Researchers have completed a multi-season study of ventilation and indoor air quality in 108 new homes in California. ARB and the California Energy Commission sponsored the study, which was conducted by a team led by Indoor Environmental Engineering. The team found that new, single-family detached homes in California were built relatively airtight, and had very low outdoor air exchange rates. In addition, indoor concentrations of formaldehyde often exceeded health-based exposure guidelines for air contaminants indoors, due to the many indoor sources of formaldehyde. Indoor concentrations of a few other chemicals such as benzene, naphthalene, and 1,4-dichlorobenzene also exceeded exposure guidelines in some cases. The ARB has adopted limits on formaldehyde emissions from composite wood products, which will help reduce indoor formaldehyde levels in new homes. Reduction of formaldehyde emissions from other indoor sources also is needed. In part due to the results of this study, the Commission approved a regulation requiring mechanical ventilation systems in all new homes starting in 2010; such systems provide a continuous supply of outdoor air, thus improving the outdoor air exchange rate and reducing indoor contaminant levels.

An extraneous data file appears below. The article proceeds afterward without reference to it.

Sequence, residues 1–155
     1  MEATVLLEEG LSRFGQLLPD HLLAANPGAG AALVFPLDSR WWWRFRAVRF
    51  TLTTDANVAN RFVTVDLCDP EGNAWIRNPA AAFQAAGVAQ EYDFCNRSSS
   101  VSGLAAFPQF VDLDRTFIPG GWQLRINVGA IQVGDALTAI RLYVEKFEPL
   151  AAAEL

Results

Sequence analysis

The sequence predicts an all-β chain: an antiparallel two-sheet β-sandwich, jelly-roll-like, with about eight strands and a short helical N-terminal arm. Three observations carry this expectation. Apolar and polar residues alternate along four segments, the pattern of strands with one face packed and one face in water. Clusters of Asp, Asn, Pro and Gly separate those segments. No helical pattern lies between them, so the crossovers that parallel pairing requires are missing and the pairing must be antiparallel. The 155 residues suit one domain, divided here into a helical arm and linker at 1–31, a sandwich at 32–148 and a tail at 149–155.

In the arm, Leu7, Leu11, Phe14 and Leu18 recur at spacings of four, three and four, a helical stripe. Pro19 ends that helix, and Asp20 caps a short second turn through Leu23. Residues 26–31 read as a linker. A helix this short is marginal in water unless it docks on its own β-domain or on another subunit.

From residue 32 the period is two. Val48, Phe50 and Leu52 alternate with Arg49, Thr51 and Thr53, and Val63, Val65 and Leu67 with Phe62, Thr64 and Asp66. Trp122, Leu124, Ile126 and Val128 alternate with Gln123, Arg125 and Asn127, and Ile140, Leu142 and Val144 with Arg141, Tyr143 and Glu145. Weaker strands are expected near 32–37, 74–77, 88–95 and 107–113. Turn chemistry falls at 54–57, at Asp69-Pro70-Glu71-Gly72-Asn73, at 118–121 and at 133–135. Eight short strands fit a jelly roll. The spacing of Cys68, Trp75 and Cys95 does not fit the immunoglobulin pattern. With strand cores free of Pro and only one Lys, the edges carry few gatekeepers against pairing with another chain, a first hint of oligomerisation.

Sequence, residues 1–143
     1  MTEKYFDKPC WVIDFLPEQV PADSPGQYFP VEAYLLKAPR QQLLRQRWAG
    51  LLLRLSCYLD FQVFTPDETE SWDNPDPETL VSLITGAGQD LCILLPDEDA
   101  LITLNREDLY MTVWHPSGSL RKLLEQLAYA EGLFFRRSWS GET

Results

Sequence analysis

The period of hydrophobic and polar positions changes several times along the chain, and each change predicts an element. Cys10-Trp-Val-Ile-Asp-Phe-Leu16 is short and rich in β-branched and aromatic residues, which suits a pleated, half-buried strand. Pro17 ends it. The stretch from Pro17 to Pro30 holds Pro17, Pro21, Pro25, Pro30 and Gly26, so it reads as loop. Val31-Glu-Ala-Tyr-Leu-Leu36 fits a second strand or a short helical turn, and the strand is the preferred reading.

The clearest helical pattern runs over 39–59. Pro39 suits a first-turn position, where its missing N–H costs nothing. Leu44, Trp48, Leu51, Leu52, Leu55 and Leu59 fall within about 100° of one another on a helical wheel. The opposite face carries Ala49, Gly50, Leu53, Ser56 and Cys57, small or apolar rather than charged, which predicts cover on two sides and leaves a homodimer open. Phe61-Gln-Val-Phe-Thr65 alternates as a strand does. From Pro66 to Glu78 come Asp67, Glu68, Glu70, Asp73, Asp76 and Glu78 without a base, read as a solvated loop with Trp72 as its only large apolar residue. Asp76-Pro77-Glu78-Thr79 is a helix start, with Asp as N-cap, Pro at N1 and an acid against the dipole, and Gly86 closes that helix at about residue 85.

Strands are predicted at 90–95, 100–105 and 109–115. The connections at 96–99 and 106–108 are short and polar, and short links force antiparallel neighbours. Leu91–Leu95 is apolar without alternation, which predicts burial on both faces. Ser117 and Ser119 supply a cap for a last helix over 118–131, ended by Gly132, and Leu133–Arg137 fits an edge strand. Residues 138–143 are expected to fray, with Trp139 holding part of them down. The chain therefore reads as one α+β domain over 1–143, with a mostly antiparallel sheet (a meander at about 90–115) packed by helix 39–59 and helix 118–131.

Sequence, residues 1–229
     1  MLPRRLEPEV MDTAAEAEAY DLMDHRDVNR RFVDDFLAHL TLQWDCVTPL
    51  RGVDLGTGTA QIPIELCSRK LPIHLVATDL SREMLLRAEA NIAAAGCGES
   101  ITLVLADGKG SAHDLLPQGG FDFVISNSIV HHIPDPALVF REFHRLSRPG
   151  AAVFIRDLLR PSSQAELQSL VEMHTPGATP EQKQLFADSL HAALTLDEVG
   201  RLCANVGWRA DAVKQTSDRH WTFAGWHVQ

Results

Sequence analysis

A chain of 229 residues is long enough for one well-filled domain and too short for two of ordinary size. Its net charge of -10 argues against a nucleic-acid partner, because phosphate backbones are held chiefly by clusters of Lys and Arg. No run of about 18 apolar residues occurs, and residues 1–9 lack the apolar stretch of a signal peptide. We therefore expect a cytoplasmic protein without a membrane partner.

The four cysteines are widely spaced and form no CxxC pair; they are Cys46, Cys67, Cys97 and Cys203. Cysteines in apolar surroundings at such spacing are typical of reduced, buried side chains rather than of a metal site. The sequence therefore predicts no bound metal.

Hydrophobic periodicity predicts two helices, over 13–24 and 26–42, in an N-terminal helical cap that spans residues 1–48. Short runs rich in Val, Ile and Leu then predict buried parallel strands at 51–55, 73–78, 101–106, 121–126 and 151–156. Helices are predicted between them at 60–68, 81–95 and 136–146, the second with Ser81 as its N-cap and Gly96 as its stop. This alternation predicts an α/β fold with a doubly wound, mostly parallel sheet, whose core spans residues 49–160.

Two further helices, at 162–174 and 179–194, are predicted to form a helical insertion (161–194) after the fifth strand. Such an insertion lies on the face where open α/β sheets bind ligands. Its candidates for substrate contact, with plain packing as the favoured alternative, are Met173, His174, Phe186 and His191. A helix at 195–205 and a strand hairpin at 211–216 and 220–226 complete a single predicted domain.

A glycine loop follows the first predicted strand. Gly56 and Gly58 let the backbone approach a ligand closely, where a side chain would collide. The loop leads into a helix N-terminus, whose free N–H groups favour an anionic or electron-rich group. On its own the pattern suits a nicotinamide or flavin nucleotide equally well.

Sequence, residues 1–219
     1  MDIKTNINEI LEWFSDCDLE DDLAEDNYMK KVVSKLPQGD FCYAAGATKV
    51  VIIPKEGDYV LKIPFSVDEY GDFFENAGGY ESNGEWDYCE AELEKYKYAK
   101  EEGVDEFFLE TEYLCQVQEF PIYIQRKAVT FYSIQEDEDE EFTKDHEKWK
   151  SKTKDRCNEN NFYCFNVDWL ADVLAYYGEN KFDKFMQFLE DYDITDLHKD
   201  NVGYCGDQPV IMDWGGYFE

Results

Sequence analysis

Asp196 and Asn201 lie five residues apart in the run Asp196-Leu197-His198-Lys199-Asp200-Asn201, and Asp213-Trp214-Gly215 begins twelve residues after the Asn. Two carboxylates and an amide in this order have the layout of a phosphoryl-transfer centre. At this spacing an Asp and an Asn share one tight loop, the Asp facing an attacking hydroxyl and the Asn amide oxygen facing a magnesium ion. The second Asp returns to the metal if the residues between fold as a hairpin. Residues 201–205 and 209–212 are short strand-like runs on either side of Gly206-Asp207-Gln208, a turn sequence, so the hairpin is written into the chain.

Contact Tom Phillips (tphillip(at)arb.ca.gov, 916.322.7145) for inquiries about the report. If you have problems accessing the report website or the report, contact Susan Lum (slum(at)arb.ca.gov, 916.323.5043).
RBc: We support this, "...a continuous supply of outdoor air, thus improving the outdoor air exchange rate and reducing indoor contaminant levels." ...providing that the outdoor air is also of good quality.